September Flickr Photo of the Month: Baby Alligators!

_DSC8853_R1_C1BM-LR
_DSC8853_R1_C1BM-LR by Mark L 2010.
Shared with permission.

There are some amazing photographers that wander the halls of HMNS – as well as our satellite facilities in the Sugar Land area. When we’re lucky, they share what they capture in our HMNS Flickr pool. Each month, we highlight one of these photos here on the blog.

This month, we’re featuring a photo from Mark L 2010, taken in Brazos Bend State Park – home to the Museum’s George Observatory. Spending the day there wildlife spotting is a perfect lead in to stargazing at the Observatory on a Saturday night. And as you can see – the animals are really cool!

Here’s what Mark had to say about his photo:

On Labor Day, 2011, we visited Brazos Bend State Park to take a look around and shoot a few photos. Just beyond the shore line of 40 Acre Lake against the fishing pier we saw a dozen or so baby alligators. The duck weed coated them completely, making an interesting sight.

Maybe more striking was the fact that as they were sleeping in the sun they were laying on one another much like you would expect of puppies. It was just a nice view of young wild life. We all wish our area could break out of the grip of this destructive drought, but it is surprising how beauty remains available in this park. Thanks to all who participate in making it available to the rest of us.

Inspired? Most of the Museum’s permanent galleries are open for photography, and we’d love for you to share your shots with us on Flickr, Facebook or Twitter. Check out the HMNS photo policy for guidelines.

Flickr Photo of The Month: Dinosaurs!

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E5_P6110278 by etee on Flickr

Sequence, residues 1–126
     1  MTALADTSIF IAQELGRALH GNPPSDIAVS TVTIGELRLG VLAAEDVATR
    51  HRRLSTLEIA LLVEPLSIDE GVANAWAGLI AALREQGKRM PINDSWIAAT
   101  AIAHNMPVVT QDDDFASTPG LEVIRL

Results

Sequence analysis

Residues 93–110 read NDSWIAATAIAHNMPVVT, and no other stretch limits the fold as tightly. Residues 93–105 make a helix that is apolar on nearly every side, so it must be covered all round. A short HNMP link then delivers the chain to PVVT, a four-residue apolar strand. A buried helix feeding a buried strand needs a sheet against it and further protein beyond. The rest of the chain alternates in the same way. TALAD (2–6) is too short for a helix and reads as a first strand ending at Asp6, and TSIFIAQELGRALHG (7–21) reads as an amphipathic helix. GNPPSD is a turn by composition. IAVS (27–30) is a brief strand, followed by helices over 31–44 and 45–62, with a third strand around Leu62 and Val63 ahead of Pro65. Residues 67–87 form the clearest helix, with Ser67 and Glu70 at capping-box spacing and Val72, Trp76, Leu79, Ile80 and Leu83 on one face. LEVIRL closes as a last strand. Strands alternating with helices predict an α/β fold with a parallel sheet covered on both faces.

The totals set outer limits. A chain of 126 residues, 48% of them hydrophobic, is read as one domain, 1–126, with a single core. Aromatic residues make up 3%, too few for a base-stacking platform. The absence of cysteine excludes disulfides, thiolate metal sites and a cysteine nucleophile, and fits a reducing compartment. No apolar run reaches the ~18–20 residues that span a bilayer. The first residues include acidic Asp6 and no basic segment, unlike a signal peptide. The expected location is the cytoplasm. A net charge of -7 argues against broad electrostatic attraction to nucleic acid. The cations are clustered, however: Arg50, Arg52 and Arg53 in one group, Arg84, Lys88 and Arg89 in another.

There are some amazing photographers that wander the halls of HMNS – as well as the areas surrounding the Museum in Hermann Park. When we’re lucky, they share what they capture in our HMNS Flickr pool. Each month, we highlight one of these photos here on the blog.

This month, we’re featuring a photo from Ed Truitt (known on Flickr as etee), taken during one of this summer’s Prehistoric Monsters member events – where we previewed what’s coming for our new paleontology hall (opening summer 2012!)

I loved this photo for two reasons: one, it’s almost impossible to get a photo in the planetarium, because it has to be incredibly dark in order for the projection to function properly. So in addition to being a pretty compelling image (what are they looking at?!) this photo is excellent for being rare. Also, these people are learning about dinosaurs, from one of the world’s most famed paleontologists. And that’s pretty cool.

Here’s what Ed had to say about his photo:

I actually had two things in mind when I went to the Museum this particular evening. The first was to try out a new camera I had recently acquired (how I got it is a story in and of itself.) Of course, I have never found the Museum lacking for subjects to shoot (photographically speaking), and there are enough different lighting situations it is a good place to test a new camera.

The second reason, of course, was to hear Dr. Bakker speak. As a dino-nerd from the time I was in elementary school (I still remember the day in 4th grade where I gave a 45 minute lecture to the class on dinosaurs: I was just getting warmed up with the teacher thanked me and said she really had to get on with the rest of the subjects), I remember the twin pillars of dinosaur orthodoxy: they were reptilian, and they were cold-blooded. So, the chance to hear the Great Heretic speak? Was something I just could not pass up.

Anyway, as far as the picture goes: I had been taking photos of Dr. Bakker, the slides being displayed on the ceiling, and the posters. Every so often I would go for a crowd shot. When Dr. Bakker moved to the back of the room, I decided this was a good opportunity to test the Live View function of the camera, as well as the articulated LCD screen. So, I swing the LCD out, pointed the camera over my shoulder, and got the shot. While more the result of serendipity (some might call it ‘luck’) than a planned and carefully composed image, when I saw it I really liked it, for it told a story – several, in fact.